Thanks to my friend, Jody, I volunteered my services to a hotel in Loja for a week. Initially, I was only there to make a website for the hotel. In the end, I became the hotel’s main dishwasher, a part-time waitress, a sous chef, and a semi-advisor. It was good fun.
El Cardenal Hotel is run by the Mendez family. Basically, Remi is the owner and his family helps out whenever they can. Remi is a 50-something-year-old man who left this job in Quito to start a business of his own in his hometown. The hotel started three years ago with six rooms and an oratory.
In the morning, Remi gets up early depending on the number of guests and who needs to check out since the hotel reception (mainly him) is open 24 hours a day. Remi was definitely not happy about a DJ who came in at 1 am and left at 5 am.
The hotel offers breakfast to all the guests, so from 7:30 am, Remi is prepping food. He’s always got a huge pot of coffee on the stove and a random assortment of food ready to go. This includes pancakes topped with fresh fruit and eggs made to order. He also has a separate breakfast for himself, his brother, and me.
By 9:00 am, Remi is scrambling around trying to check people out of the hotel, answering phones, and cleaning the bedrooms. Remi’s 85-year-old mother, Sra. Cristina, also arrives at this time to help with the cleaning and cooking. This is when I start washing the dishes and attempting to make cappuccino with the hotel’s fancy espresso machine.
With the stereo blasting a smooth jazz playlist from YouTube, Remi is quickly moving up and down the three-story hotel with armfuls of used towels and linens. Remi’s mother is in the kitchen chopping vegetables and cooking whatever is in the refrigerator.
Throughout the morning, random people would come by and ring the doorbell. As Remi and his mother are always running around, they prefer to keep the front door lock. These random people include the police doing their security checks of the area and people inquiring about the hotel for an event.
By 12:00 pm, Remi’s mother announces that lunch is ready. Sometimes, neighbors drop by to have an almuerzo (lunch set) at the hotel. We eat in the kitchen sitting on rickety old chairs using chipped, mismatched dishes while the guests eat in the dining room using coordinating white dinner plates.
The afternoon tends to be quiet. Remi’s mother leaves after lunch. She definitely loves it when I volunteer to wash up after eating because she can leave earlier. Remi sits behind the reception desk doing calculations or making phone calls. As my attempt to be a barista continues, Remi enjoys my multiple cups of cappuccinos that I offer him.
Now that we’re entering December, Remi decides to bring out all the Christmas decorations. Generally, the Ecuadorians will have the Christmas tree up by the first week of November. With multiple saws, screwdrivers, blocks of wood, and a beer crate, he spends the afternoon making a base for the Christmas.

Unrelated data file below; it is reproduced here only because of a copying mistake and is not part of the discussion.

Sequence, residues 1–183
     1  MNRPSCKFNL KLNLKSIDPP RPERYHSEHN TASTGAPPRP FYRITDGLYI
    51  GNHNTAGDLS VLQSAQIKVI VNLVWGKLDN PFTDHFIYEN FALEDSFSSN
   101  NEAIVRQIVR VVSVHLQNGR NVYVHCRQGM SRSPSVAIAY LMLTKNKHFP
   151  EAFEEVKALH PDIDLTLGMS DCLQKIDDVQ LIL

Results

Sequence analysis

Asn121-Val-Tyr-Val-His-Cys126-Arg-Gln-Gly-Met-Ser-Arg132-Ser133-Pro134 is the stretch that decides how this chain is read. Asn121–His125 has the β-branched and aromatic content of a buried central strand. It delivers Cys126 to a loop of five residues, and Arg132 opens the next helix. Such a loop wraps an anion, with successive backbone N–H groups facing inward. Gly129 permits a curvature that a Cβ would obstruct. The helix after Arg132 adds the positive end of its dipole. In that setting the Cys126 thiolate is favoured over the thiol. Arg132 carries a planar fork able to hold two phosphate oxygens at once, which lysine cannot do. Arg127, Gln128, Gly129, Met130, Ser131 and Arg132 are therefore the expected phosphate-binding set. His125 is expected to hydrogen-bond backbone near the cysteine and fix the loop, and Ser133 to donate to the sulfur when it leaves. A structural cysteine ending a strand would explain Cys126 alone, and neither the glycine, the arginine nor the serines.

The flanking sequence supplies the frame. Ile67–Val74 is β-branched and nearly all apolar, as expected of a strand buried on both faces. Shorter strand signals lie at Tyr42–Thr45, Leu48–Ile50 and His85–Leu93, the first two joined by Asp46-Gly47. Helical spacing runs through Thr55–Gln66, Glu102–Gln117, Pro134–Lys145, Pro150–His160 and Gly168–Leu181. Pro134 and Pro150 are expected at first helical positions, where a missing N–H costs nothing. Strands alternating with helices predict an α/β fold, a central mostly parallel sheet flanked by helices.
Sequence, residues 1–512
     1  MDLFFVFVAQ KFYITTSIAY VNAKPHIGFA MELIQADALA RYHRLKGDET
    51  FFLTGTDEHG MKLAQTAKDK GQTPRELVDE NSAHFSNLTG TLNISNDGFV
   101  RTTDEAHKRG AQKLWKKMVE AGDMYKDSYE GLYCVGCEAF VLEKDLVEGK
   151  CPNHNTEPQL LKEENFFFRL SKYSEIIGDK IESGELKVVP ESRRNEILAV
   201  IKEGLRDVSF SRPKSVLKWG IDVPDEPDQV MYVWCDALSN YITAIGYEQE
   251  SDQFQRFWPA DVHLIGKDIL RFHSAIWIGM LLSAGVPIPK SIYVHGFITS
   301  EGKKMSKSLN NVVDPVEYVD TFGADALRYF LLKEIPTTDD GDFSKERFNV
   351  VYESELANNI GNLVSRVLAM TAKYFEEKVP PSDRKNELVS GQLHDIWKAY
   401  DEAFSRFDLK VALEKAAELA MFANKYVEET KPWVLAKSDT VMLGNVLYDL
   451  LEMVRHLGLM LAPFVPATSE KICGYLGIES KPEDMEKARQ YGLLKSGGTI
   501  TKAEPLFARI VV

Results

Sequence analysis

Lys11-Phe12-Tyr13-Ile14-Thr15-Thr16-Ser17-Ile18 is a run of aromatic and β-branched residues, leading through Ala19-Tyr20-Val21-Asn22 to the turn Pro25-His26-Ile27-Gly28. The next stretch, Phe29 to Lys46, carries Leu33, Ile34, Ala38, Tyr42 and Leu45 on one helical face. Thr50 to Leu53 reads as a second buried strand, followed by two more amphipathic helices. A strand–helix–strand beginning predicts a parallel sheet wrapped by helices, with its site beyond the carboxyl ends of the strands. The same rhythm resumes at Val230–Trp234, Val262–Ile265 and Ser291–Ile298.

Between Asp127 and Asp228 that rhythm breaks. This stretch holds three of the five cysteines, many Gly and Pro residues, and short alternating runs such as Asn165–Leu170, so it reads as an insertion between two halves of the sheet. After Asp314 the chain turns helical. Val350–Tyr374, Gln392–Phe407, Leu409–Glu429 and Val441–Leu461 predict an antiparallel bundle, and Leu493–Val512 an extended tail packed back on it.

Guests and non-guests come and go, a surprising amount of traffic for such a small hotel. Another neighbor comes by. Remi runs back to the kitchen to warm up the cold pot of coffee. The neighbor brings over his friends. Remi offers them his mother’s queso empanada, which he quickly nukes in the microwave.
When the group leaves, Remi receives a phone call. This is where my non-existent waitressing skills come to play as I clear the table and wash more dishes. After guzzling down several cappuccinos from me and drinking from his big pot of coffee that was breeds in the morning,
By 19:30, Remi is in the kitchen heating up leftovers for dinner. Again, rice and beans are a staple. Sometimes, guests and neighbors would ask for a meal, which Remi either starts preparing or gives up parts of his meal. Afterward, Remi makes a call to guests who haven’t shown up yet confirming their arrival or he makes his bed, which is in the kitchen.
For my last meal at the hotel, Remi and Sra. Cristina prepped a “fancy” meal of beef with carrot and orange sauce. This was practice for one of four events they will have in December. The meal was a definite upgrade from rice and beans.
I said my final goodbyes to the Mendez family. Danny kept telling me that Saturday was the 1st of December and all the other Saturdays in December. He really loves Christmas. Fabian, Remi’s quiet brother, asked me to stay for another week so he wouldn’t have to do the dishes. Sra. Cristina promised to cook for me again when I return. And Remi was thankful for his website and that I like putting up Christmas decorations.
If you ever find yourself in Loja, please stay at El Cardenal. You’ll never go hungry!